In a recent move that has sparked discussions and debates, Texas has eliminated the vehicle station inspection requirement. This change in policy has significant implications for vehicle owners across the state. So, what were the reasons behind this decision, its potential impact on road safety, and what Texas residents should be aware of moving forward?
For years, Texas has implemented a vehicle station inspection program aimed at ensuring that vehicles on the road meet safety and emissions standards. These inspections required vehicle owners to have their cars inspected annually. The inspections covered various aspects such as lights, brakes, tires, emissions, and other safety components.
So – here’s the contradiction that has torn at me over this. Personally, I’m of the opinion that “the less government, the better”. With very few exceptions, I can’t think of when the government is involved in something, that it does a better job. I think the state safety and emissions inspection system would work if it was done better. It needs reform; a better process, and for it to be more strict. Notice how I’m all about the government getting (more) involved and wanting them to increase restrictions. This is totally not me. We shuttle vehicles down to the local state inspection place for our clients- and being a former State Inspector myself and owner of ABR Houston, “I can tell you that the vast majority of vehicles are not getting a proper state inspection process”.
That’s the problem. If state inspections were taken seriously, cars and trucks would be getting at least flagged/failed for safety deficiencies…. but they aren’t. It’s just a benign process you go through and most of the time don’t even get out of the car….. and unless you get one of “those guys” who actually performs the state inspection correctly and thoroughly, vehicle owners are not getting the information and understanding their vehicle is unsafe.
That’s the problem. Modern vehicles have so much engineering built into them, that you can still drive an absolute pile of junk 70 mph down the road and not know that they are a major liability to themselves and those around them. It’s not like cars from 30-40 years ago, where it would basically put you on the side of the road when there was a major issue. Modern cars are just amazing at hiding major deficiencies from the drivers, until it’s too late.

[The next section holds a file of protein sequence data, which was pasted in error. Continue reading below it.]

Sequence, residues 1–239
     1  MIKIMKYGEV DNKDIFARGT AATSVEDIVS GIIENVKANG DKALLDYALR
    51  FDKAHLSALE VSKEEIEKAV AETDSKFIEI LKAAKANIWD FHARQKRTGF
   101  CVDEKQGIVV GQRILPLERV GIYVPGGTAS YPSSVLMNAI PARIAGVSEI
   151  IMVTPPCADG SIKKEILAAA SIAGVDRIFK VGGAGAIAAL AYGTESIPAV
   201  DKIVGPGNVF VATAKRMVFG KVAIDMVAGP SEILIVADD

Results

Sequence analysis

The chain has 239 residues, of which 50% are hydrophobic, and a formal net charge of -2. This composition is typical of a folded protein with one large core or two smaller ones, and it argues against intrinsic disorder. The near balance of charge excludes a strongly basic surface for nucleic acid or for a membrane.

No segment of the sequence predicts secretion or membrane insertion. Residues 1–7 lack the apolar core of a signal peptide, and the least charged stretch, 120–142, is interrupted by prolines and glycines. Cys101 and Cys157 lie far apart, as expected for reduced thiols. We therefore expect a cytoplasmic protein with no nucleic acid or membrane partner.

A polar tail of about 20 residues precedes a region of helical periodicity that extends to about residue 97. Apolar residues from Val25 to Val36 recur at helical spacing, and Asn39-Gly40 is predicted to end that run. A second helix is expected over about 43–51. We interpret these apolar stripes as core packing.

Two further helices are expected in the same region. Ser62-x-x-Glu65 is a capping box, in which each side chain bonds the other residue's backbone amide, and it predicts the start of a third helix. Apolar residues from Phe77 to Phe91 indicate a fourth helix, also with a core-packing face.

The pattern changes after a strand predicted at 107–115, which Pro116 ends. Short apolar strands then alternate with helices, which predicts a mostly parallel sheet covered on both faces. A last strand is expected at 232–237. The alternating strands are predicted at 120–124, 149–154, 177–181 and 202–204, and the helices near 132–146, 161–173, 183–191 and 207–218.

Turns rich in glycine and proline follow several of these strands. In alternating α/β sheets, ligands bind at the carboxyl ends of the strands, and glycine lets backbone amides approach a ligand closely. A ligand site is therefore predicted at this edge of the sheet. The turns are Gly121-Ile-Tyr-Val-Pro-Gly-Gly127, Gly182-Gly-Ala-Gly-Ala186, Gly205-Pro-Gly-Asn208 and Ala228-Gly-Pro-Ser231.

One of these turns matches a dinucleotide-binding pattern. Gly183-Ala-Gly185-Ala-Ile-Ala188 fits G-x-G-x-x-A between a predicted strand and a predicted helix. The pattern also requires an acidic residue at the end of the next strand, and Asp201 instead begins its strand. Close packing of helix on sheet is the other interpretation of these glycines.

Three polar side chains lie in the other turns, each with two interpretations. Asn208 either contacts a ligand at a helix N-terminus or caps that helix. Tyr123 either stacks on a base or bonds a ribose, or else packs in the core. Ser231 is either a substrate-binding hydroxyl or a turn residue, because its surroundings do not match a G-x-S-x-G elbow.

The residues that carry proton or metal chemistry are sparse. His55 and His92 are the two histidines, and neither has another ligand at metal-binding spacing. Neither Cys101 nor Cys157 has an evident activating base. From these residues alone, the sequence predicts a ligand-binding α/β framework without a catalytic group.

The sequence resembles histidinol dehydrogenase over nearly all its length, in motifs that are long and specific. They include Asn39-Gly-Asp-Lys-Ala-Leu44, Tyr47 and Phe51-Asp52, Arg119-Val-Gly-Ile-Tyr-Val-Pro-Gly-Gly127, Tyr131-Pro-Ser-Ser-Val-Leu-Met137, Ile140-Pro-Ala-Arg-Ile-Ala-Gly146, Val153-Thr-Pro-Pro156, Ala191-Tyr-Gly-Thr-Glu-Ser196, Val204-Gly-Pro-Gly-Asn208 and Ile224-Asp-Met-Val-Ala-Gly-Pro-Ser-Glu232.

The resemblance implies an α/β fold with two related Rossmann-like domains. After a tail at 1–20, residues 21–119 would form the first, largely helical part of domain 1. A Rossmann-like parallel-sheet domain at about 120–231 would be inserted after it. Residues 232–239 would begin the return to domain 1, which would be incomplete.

That’s the problem. Vehicle owners think they can effectively maintain and repair their modern vehicle. The truth of the matter is, most drivers can’t comprehend how complex and difficult modern vehicles are to work on. Heck, run flat tires and TPMS (tire pressure monitoring systems) have been around for 20+ years now, and they still are ignored by drivers. 20 years! This is just one example of how modern vehicles have surpassed the vast majority of vehicle owner’s ability to do much more than put gas in it and drive it.
That’s the problem. “I prefer dangerous freedom over peaceful slavery” is a translation of a Latin phrase that Thomas Jefferson used: “Malo periculosam, libertatem quam quietam servitutem. Who’s to tell me about my personal vehicle and what I can or can’t do? This tugs on my Libertarian aspect of this conversation. It’s my vehicle, my life, my responsibility, and my consequences if I choose to not maintain or fix my vehicle, right?
That’s the problem. What if they got rid of the state safety inspection process, and gave independent shops and dealerships the authority to “ground” a vehicle? “I’m sorry, but in our professional opinion, your vehicle isn’t roadworthy or safe.” What’s to keep this authority or power from being abused? I would love this ability, but this *again* is a contradiction to the “less government and authoritarian grip /more freedom” world that I associate myself with.
That’s the problem. Now, The police will be the person who’ll be performing a safety inspection on the side of the road and issuing fix it tickets. Will this garner a new set of laws on what is considered a fix it ticket, and what would make the vehicle get towed away and impounded? How much training will a police officer (who’s job isn’t to be a technician or a state inspector) have on this new process? How much will this affect our already overloaded judicial system?
That’s the problem. People argue that the state inspection process makes vehicle’s safer, but does it? 15 states require a vehicle inspection- but no real factual data backs up that those states are “safer” than non-inspection states. When a car passes inspection, drivers might take more risks due to a false sense of security. In Nebraska, the accident rate decreased when the vehicle inspection program was abandoned.
So, what’s the solution?
CEO – ABR Houston